Female Sexual Dysfunction

Potential for Pharmacotherapy

Abstract

The act of sex includes a woman's sexual self and self-image, intimate relationships, family, society and culture. The complexities of her environment, sexual and partner history, past relationships, mental health status, current medical problems and hormonal status all play a role. An interdisciplinary consensus conference panel expanded the former Diagnostic and Statistical Manual of Mental Disorders-IV classifications of female sexual dysfunction to include psychogenic and organic causes of desire, arousal, orgasm and sexual pain disorders that cause personal distress.

The US FDA Guidance paper details the recommendations for the clinical development of drugs for the treatment of female sexual dysfunction. In this document, great emphasis is placed on orgasm as a clinical trial endpoint and itwould appear that satisfactory sexual intercourse is of secondary importance to the Agency. However, there is no evidence to suggest that the majority of women correlate their sexual enjoyment and satisfaction with numbers of orgasms or even the likelihood of orgasm during a given sexual interaction. Nonetheless, any drug coming through the regulatory agency in the US will need to follow these recommendations.

Currently, there are six major pharmaceutical therapeutic paths being pursued for treatment of female sexual disorders and/or postmenopausal symptoms. These include dopaminergic agonists and related substances, melanocortin-stimulating hormones, adrenoceptor antagonists, nitric oxide delivery systems, prostaglandins, and androgens. A number of compounds that target these pathways are undergoing development for female sexual dysfunction. The array of pharmacological agents that are being developed for female sexual dysfunction must prove to be efficacious and have a good safety profile at a time when there are increasing worries that hormonal replacement with estrogen and progestogens are not safe. It is unclear if any of these pharmaceutical pathways will prove to be both safe and effective for the treatment of female sexual disorders; however, studies investigating this area will provide important scientific data for the future.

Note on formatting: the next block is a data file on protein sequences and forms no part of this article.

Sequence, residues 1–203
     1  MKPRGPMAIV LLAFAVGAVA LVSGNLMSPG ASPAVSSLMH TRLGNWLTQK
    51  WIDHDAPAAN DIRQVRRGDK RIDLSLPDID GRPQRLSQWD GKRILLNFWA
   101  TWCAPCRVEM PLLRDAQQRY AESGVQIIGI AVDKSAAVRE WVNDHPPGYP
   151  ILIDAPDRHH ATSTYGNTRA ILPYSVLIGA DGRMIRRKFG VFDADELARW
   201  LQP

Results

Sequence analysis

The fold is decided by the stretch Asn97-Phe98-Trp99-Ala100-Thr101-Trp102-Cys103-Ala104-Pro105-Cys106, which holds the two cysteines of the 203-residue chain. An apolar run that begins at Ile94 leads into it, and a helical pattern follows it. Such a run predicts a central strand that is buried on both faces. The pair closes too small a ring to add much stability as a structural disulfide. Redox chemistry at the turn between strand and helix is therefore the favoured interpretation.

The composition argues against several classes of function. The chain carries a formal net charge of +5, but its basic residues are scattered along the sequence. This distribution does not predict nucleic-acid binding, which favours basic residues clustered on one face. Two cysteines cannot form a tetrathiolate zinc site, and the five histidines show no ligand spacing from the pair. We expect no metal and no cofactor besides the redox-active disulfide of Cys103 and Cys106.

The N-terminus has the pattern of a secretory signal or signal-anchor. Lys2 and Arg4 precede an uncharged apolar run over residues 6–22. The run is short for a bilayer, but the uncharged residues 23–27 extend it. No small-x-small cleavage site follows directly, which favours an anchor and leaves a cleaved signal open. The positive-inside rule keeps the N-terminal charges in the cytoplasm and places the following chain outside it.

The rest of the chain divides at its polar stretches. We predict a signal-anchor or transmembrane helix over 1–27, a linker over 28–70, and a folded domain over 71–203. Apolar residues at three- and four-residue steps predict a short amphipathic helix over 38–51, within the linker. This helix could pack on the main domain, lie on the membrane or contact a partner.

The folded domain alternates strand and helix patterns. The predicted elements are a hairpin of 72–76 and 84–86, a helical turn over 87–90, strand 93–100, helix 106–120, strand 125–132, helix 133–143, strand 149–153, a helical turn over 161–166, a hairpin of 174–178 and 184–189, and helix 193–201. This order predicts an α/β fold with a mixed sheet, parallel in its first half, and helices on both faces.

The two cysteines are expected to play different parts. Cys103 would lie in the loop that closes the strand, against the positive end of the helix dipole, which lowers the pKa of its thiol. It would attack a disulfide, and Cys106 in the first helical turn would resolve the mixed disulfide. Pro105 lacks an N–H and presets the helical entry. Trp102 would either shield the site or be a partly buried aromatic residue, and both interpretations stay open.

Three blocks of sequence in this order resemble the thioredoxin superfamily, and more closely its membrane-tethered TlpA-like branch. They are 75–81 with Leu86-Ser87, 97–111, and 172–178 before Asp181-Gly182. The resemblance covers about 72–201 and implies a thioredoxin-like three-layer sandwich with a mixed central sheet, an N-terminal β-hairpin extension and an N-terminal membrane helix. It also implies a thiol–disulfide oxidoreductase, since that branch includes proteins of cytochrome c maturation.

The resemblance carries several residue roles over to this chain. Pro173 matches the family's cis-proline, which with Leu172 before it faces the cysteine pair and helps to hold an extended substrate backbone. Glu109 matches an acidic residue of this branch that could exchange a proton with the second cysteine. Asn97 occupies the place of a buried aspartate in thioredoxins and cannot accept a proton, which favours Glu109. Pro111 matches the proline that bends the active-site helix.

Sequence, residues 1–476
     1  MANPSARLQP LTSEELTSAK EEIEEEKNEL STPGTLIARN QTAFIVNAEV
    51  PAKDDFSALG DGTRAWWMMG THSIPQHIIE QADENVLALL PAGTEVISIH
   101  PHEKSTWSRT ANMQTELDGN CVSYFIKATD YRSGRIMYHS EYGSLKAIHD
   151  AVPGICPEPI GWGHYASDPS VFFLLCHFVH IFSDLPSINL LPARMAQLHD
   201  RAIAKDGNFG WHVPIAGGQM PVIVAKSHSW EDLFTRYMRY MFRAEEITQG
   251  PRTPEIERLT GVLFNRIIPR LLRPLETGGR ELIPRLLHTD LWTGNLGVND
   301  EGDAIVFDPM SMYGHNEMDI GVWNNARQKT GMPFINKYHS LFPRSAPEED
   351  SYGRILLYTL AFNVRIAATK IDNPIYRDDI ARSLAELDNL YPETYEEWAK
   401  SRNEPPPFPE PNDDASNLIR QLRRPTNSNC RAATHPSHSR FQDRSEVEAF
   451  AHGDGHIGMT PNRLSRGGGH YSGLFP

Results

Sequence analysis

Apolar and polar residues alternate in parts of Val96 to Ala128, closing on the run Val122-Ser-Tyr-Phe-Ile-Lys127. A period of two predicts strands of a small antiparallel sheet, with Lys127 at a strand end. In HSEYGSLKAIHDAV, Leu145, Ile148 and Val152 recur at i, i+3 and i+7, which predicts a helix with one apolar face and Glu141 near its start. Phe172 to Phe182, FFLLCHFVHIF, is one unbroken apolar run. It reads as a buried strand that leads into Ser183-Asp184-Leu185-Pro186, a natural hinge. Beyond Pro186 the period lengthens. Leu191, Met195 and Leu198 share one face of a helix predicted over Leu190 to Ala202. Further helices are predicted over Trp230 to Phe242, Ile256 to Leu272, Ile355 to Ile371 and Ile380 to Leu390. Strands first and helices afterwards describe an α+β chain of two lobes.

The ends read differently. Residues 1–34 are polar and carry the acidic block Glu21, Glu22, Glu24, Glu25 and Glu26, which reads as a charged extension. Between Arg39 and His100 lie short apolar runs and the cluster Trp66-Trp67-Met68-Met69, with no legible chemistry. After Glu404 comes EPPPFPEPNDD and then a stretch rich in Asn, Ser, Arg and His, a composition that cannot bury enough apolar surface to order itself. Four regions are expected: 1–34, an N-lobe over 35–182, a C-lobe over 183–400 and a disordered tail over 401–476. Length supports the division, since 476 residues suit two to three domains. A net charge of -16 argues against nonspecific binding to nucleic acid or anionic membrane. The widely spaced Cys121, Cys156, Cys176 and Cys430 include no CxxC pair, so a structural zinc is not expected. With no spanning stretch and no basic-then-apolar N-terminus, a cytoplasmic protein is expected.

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Fig. 1
Table I

Notes

  1. 1.

    Use of tradenames is for product identification purposes only and does not imply endorsement.

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Acknowledgements

To the many companies who were helpful in identifying current research including: Lilly/ICOS, Nastech Pharmaceutical Company, Inc., Nexmed, Qualilife, Proctor & Gamble, Vivus, Zonagen, Antares Pharma and Cellegy Pharmaceuticals, Inc. Particular thanks to Drs R Basson, D Ferguson and J Heiman. Complicated switch box from Dr R Rosen. The authors have provided no information on sources of funding or on conflicts of interest directly relevant to the content of this review.

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Correspondence to Dr Jean L. Fourcroy.

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Fourcroy, J.L. Female Sexual Dysfunction. Drugs 63, 1445–1457 (2003). https://doi.org/10.2165/00003495-200363140-00002

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Keywords

  • Sexual Dysfunction
  • DHEA
  • Sexual Arousal
  • Sexual Response
  • Female Sexual Function Index